Monday, October 19, 2015

Google Analytics doesn't work a.k.a. name collision in JavaScript

Today is another great day I’ve encounter a trivial bug hard to catch. It goes as follow. I went to Google Analytics to setup a new page. I’ve followed the instruction and I’ve copied into a source:

  (i[r].q=i[r].q||[]).push(arguments)},i[r].l=1*new Date();a=s.createElement(o),

  ga('create', 'UA-AAAAAAAA-X', 'auto');
  ga('send', 'pageview');


and it didn’t work ;-)

First I’ve thought is my mistake, i’ve put a code just before </html>, but after trying </head> it wasn’t any better.

I’ve tried to copy paste the code to developer console and tadah, it works! Here I should mention that I use both Google Closure Library and Google Closure Compiler on my site. After thinking and poking the code for a moment I’ve made an educated guess:

Closure compiler compiled code is colliding a name with Google Analytics!

Took me 1 minute to verify and yes, I’ve got it.

The solution was straight:

  (i[r].q=i[r].q||[]).push(arguments)},i[r].l=1*new Date();a=s.createElement(o),

  dzialaj('create', 'UA-AAAAAAAA-X', 'auto');
  dzialaj('send', 'pageview');


Just for quick explanation, the string I’ve changed is a parameter to function which sets up a Google Analytics code on a website, it is a name that should be used as a Analytics main function and may be anything one wants.

Thursday, October 8, 2015

Save yourself and pass the context by

One of extending packages of Go is package. The idea comes form task oriented programming. You get a task to execute but want to attach some data to it. It appears to be useful when programing a RPC or web server solutions. In such cases your listener creates a context object and pass it to handlers. The handlers keep it and use it when appropriate.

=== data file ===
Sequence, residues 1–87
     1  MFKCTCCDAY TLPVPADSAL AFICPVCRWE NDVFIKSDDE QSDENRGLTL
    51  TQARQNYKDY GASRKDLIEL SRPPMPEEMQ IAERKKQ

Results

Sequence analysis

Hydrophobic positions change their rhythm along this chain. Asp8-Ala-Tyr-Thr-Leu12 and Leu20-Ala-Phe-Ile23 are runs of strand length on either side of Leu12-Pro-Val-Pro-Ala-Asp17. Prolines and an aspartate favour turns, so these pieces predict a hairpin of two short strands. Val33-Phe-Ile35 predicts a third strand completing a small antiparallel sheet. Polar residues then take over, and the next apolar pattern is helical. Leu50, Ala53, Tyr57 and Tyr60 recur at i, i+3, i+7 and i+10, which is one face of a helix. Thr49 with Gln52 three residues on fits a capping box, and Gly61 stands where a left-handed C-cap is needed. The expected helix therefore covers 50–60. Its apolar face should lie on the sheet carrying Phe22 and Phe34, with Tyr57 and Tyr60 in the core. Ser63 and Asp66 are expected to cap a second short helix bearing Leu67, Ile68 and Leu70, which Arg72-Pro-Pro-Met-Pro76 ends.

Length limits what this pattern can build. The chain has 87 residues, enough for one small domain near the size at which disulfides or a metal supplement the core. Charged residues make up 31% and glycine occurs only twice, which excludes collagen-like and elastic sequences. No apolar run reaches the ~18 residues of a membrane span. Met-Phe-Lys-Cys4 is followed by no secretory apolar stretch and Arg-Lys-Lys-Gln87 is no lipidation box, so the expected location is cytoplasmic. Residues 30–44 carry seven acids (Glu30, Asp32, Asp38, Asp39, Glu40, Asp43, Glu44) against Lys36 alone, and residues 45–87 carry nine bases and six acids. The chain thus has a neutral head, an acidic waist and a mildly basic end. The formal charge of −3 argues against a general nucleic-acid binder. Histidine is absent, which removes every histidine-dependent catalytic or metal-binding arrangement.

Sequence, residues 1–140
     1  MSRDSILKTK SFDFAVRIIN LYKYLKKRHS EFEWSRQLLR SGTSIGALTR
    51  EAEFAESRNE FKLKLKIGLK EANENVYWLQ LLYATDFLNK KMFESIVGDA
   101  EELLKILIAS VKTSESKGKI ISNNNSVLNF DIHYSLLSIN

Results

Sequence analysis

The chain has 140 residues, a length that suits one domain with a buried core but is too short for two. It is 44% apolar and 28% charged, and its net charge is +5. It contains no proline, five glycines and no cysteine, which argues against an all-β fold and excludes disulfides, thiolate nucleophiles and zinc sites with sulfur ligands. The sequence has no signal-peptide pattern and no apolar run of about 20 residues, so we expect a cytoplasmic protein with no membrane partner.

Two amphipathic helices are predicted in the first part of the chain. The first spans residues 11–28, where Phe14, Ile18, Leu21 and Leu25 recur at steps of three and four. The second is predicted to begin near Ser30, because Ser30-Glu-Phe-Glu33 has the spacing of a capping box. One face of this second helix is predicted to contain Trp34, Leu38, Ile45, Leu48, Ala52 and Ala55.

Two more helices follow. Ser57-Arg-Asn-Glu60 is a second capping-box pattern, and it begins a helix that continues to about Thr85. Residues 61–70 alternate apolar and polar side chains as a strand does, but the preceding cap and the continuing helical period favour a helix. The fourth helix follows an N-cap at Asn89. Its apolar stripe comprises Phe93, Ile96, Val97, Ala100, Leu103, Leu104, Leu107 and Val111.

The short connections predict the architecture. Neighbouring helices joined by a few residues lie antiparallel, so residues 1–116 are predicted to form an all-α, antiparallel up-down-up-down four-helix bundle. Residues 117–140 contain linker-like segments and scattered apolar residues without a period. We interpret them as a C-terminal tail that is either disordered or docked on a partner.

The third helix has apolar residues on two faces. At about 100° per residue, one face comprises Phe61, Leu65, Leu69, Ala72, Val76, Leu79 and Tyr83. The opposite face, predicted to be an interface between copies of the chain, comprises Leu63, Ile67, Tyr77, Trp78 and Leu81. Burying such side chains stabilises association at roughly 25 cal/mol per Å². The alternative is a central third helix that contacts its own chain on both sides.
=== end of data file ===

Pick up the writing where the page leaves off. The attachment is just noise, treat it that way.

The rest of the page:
This idea guided most Google App Engine APIs for Go. Now they’ve introduced a Managed VM’s which are something between App Engine and Compute Engine. The refactored libraries can be found here:

The standard way of logging in App Engine was to get a context and call methods:

func SomeHandler(w http.ResponseWriter, req *http.Request) {
    ctx := appengine.NewContext(req)    
    ctx.Infof("got request!")

Whereas the new way:

func SomeHandler(ctx context.Context, w http.ResponseWriter, req *http.Request) {
    log.Infof(ctx, "got request!")

The new way has one huge advantage, it allows you to pass any context which implements interface context.Context. It also requires to replace all appengine/log imports by a new package

The Go’ standard log library doesn’t have a concept of context at all.


I guess I should explain the advantage of using a context based log instead of standard one. In a case of task oriented application it allows the programmer to group all log messages related to given task. It’s a common practice to group messages by the place of the log function callback (the file and line where the log message is written). More sophisticated grouping includes process id and it may be a task id (or context in our case). Just imagine how much time it saves during debugging. It also allows much more sophisticated analysis of the server event flow without running in debugging mode.

I’ve created a tiny wrapper around both library and It should allow you to log both at App Engine and stand alone processes. Enjoy.

A real in depth explanation can be found in Go blog' article: Go Concurrency Patterns: Context